Our Bodies, Our Selves, asserts the title of a prominent guide to women’s health, unequivocally making clear the position of the authors, the Boston’s Women’s Health Collective, on the ancient, ongoing enigma of the mind -body connection: our bodies are our identities. Historically, responses to this intriguing question have ranged from a primarily religious conception of the body as temple or vessel of the soul, to the body as largely irrelevant to defining who we are- Descartes famous dictum “ I think therefore I am,” to the current scientific paradigm that conceives of the body as inextricably interwoven with consciousness, and with whatever intangible aspects of ourselves – temperament, mood, personality, and a host of predispositions -that contribute to who we are. ( This view, of course, is the basis of the reference with which we began this introduction.) A corollary of most of these views, with the exception of the approach that actively denigrates the body as a source of temptation , of distraction from higher spiritual callings, is that taking care of our bodies is important to our well-being, an undertaking which, in turn, necessitates some understanding of how the body works.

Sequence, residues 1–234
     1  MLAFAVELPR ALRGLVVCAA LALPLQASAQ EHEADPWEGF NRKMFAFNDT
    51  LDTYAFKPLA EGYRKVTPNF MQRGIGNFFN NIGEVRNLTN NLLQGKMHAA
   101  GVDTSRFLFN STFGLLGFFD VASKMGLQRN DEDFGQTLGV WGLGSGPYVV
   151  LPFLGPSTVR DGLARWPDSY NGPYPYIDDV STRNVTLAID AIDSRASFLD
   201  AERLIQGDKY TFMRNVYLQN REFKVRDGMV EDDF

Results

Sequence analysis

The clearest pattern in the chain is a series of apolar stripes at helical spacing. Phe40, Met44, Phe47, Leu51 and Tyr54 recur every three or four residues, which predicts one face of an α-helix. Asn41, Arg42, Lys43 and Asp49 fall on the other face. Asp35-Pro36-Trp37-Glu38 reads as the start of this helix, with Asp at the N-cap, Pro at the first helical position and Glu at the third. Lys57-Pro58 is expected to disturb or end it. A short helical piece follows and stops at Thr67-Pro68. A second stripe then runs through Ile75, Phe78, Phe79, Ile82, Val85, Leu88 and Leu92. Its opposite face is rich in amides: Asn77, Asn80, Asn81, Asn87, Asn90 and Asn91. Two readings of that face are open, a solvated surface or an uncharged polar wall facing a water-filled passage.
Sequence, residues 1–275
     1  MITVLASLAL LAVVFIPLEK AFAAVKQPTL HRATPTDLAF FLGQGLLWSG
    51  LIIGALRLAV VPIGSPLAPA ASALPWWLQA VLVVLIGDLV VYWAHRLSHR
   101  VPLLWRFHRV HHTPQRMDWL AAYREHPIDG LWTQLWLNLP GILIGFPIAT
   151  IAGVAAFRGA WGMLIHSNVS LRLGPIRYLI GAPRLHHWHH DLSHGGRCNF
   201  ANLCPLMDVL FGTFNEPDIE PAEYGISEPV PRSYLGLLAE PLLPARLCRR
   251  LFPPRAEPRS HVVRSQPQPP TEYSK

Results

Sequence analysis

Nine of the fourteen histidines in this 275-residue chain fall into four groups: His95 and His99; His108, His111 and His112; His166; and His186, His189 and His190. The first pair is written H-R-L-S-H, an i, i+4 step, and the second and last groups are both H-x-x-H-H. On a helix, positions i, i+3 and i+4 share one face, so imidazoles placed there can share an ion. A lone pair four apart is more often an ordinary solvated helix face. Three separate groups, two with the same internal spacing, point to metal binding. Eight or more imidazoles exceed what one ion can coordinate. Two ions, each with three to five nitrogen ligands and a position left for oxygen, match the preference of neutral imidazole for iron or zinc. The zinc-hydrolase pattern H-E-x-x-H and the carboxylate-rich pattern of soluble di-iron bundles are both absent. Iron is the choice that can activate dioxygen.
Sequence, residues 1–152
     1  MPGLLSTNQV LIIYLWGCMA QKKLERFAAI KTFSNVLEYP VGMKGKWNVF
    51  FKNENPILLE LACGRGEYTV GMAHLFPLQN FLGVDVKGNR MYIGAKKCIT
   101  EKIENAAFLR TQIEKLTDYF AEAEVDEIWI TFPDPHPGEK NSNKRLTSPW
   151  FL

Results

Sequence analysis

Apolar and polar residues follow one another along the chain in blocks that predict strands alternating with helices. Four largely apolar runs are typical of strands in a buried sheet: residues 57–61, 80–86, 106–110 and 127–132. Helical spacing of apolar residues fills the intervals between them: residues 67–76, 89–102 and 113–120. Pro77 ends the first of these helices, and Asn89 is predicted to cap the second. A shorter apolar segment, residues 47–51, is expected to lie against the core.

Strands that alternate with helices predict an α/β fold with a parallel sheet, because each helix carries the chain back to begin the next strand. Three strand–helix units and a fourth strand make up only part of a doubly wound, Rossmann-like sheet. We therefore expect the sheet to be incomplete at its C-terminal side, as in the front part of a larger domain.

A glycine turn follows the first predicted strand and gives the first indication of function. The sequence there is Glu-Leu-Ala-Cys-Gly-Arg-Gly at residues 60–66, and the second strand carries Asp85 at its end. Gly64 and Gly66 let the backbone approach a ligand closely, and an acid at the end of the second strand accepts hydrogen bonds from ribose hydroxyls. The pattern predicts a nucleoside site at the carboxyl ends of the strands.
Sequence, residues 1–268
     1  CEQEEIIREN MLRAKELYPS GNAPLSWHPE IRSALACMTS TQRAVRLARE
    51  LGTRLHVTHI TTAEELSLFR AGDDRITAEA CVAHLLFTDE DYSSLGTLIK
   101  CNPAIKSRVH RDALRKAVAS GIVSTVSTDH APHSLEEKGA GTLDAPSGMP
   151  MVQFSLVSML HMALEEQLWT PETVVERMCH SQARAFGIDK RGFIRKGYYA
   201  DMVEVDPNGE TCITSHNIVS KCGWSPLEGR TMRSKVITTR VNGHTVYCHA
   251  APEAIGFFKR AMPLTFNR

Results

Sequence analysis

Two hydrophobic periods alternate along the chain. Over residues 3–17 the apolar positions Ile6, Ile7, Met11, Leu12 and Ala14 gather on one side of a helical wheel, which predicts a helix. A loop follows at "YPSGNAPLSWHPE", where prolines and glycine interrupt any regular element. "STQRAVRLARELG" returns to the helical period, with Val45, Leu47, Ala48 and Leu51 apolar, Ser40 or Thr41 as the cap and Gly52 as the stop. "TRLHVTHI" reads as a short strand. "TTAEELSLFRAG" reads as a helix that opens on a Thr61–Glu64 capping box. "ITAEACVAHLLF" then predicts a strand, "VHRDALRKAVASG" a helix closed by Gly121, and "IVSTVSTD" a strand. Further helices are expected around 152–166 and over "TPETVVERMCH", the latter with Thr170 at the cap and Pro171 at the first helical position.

Within this framework , the role of the medical professionals and the role of the “average” individual have subtly criss-crossed. Given the intimate connection between the body and a sense of identity, medical training across the United States now also addresses the relationship between the health care professional and the patient in addition to the innumerable aspects of scientific knowledge necessary to detect and ameliorate illness. The goal of such education has two primary components: first, to cultivate empathy for the patient’s suffering – what Dr. Eric Cassell has defined as the full experience of an illness or disability, as distinct from the much narrower focus of the disease and the concomitant pain or lack of physical function per se; second, to engender respect for the patient as an autonomous individual whose cultural background, value system, and priorities are legitimate, integral parts of the individual’s experience of illness and of making medical decisions, for the medical team as well as for the patient. Conversely, the prevalence of health education as early as pre-school, of daily media coverage of health, and of pharmaceutical advertisements-even if they have their own financial agendas- not to mention the vast array of medical information available on the internet, all create the expectation that every individual , at least in Western societies, should know enough about the body to take good care of it. (Of course, factors such the expense of healthful food compared with how inexpensive unhealthful food is, the super-sized portions customary in the United States, and unrealistic standards of beauty and eternal youth, for example, create very powerful, countervailing pressures that actually lead to illness and disfigurement, but that is a subject for another time.)